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How Has Post-Crisis Banking Regulation Affected Hedge Funds and Prime Brokers?

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Abstract

“Arbitrageurs” such as hedge funds play a key role in the efficiency of financial markets. They compare closely related assets, then buy the relatively cheap one and sell the relatively expensive one, thereby driving the prices of the assets closer together. For executing trades and other services, hedge funds rely on prime brokers and broker-dealers. In a previous Liberty Street Economics blog post, we argued that post-crisis changes to regulation and market structure have increased the costs of arbitrage activity, potentially contributing to the persistent deviations in the prices of closely related assets since the 2007–09 financial crisis. In this post, we document how post-crisis changes to bank regulations have affected the relationship between hedge funds and broker-dealers.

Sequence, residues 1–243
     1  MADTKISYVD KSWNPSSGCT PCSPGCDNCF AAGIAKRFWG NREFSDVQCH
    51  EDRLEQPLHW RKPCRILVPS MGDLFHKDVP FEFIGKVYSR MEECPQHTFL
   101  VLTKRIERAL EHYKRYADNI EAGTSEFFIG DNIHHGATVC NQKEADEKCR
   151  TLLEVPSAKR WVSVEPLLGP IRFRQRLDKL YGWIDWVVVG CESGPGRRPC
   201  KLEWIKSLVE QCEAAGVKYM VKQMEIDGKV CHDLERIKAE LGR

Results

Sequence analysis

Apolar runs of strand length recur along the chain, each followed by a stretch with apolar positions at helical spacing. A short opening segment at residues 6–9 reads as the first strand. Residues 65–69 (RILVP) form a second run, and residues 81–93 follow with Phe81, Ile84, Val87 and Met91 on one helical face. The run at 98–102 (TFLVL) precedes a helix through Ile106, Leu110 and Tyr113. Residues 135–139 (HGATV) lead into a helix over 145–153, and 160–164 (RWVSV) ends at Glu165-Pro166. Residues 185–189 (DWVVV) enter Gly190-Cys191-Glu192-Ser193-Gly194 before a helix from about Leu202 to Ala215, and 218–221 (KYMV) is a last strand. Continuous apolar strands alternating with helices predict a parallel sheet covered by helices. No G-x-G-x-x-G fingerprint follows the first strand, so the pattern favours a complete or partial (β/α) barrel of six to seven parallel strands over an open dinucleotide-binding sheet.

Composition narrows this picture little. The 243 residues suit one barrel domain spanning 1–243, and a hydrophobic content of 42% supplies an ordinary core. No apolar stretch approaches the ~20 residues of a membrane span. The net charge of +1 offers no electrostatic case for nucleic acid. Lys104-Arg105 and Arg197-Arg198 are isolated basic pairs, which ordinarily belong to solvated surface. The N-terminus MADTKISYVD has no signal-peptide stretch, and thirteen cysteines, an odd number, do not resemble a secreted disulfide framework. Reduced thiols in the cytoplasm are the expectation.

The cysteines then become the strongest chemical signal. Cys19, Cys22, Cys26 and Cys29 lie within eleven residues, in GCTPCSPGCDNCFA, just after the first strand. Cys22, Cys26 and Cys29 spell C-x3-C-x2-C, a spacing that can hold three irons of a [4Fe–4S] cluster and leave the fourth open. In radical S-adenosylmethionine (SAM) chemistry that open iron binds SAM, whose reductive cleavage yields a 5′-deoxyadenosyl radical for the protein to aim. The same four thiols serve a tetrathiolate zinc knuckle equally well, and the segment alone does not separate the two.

Suggested Citation

  • Nina Boyarchenko & Thomas M. Eisenbach & Pooja Gupta & Or Shachar & Peter Van Tassel, 2020. "How Has Post-Crisis Banking Regulation Affected Hedge Funds and Prime Brokers?," Liberty Street Economics 20201019, Federal Reserve Bank of New York.
  • Handle: RePEc:fip:fednls:88932
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    More about this item

    Keywords

    post-crisis regulation; hedge funds; prime brokers; basis trades;
    All these keywords.

    JEL classification:

    • G1 - Financial Economics - - General Financial Markets
    • G2 - Financial Economics - - Financial Institutions and Services

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